The commercial success of the Company’s products will depend upon attaining market acceptance of these products among physicians, healthcare payors, and the medical community. Success will depend, in part, on the acceptance of the Company’s products as safe, useful and, with respect to providers, cost effective. It is not certain how quickly, if at all, physicians will accept these products or, if accepted, how frequently they will be used. Products and planned or future products that the Company may develop or market may never gain broad market acceptance among physicians and the medical community for some or all of the targeted indications. Healthcare providers must believe that our products offer benefits over alternative treatment methods. The degree of market acceptance of any of the Company’s products will depend on a number of factors, including:
- whether physicians and others in the medical community consider the products to be safe and cost effective treatment methods;
- the potential and perceived advantages of the products over alternative treatment methods; t
- the prevalence and severity of any side effects associated with using the products/treatments;
- product labeling or product insert requirements by the FDA or other regulatory authorities;
- limitations or warnings contained in the labeling cleared or approved by the FDA or other authorities;
- the cost of treatment in relation to alternative treatments methods;
- the convenience and ease of use of the products relative to alternative treatment methods;
- pricing pressure, including from group purchasing organizations (“GPOs”), seeking to obtain discounts on products based on the collective buying power of the GPO members;
- the availability of coverage and adequate reimbursement for procedures using our products from third-party payors, including government authorities;
- the willingness of patients to pay out-of-pocket in the absence of coverage and adequate reimbursement by third-party payors, including government authorities;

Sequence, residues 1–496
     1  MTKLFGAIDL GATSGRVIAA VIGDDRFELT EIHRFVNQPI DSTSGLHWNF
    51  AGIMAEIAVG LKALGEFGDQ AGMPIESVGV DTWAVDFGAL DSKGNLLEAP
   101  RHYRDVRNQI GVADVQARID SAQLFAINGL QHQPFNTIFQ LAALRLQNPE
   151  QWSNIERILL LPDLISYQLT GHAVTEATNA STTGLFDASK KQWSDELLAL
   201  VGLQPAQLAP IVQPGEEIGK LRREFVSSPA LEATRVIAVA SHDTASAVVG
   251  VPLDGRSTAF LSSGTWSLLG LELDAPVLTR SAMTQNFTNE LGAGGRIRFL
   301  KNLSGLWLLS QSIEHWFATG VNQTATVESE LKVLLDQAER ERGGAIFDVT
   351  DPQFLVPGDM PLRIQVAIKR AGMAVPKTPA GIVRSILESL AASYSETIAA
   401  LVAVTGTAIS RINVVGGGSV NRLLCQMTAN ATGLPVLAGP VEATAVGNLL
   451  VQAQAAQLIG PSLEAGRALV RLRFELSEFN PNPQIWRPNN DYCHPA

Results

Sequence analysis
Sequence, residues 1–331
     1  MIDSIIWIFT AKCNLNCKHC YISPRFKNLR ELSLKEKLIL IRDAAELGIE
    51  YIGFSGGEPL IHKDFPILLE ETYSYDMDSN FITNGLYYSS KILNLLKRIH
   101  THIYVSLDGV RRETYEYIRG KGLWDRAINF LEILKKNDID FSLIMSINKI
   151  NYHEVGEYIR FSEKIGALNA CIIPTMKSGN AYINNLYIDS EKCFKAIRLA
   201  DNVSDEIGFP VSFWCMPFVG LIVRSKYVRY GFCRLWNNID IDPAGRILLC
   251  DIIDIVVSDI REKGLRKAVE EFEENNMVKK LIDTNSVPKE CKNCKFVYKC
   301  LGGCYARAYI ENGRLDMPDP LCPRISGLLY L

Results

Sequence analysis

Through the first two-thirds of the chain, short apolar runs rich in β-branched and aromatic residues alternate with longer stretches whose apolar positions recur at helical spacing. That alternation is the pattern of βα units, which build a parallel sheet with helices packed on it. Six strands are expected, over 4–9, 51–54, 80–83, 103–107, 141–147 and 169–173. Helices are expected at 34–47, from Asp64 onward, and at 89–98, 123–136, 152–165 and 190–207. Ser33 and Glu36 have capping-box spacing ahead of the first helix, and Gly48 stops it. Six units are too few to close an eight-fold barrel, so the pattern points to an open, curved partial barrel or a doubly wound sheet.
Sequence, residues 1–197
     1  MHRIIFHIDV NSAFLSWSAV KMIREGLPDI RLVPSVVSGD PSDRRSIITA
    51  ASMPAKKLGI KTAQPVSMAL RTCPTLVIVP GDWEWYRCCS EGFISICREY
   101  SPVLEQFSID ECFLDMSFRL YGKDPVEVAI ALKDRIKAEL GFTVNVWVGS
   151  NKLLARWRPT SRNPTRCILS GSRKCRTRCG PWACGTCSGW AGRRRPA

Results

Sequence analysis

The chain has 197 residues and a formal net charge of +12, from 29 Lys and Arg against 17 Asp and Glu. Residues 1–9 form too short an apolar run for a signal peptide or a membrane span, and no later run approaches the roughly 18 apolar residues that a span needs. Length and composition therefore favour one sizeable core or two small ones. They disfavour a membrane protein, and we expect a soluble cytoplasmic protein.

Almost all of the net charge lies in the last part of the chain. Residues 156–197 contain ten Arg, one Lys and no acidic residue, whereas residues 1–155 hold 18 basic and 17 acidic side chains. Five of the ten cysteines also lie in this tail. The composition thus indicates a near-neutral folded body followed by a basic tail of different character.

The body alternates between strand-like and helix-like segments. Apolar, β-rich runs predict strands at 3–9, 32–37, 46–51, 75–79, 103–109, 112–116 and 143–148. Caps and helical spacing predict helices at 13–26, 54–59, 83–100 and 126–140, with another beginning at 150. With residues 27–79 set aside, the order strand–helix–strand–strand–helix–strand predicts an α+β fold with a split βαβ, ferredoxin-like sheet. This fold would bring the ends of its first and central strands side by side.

- the ability to provide incremental clinical and economic data that show the safety, clinical efficacy and cost effectiveness of, and patient benefits from, the products; and
- the effectiveness of our sales and marketing efforts for our products.
In the future, the Company’s products may become obsolete, which would negatively affect operations and financial condition. The medical device industry is characterized by rapid and significant change. There can be no assurance that other companies will not succeed in developing or marketing devices and products that are more effective than the Company’s treatments or that would render the Company’s products or treatments obsolete or noncompetitive. Additionally, new surgical procedures, medications, and other therapies could be developed that replace or reduce the importance of its products. Accordingly, the Company’s success will depend in part on the ability to respond quickly to medical and other changes through the development and introduction of new products. Product development involves a high degree of risk, and there can be no assurance that new product development efforts will result in any commercially successful products.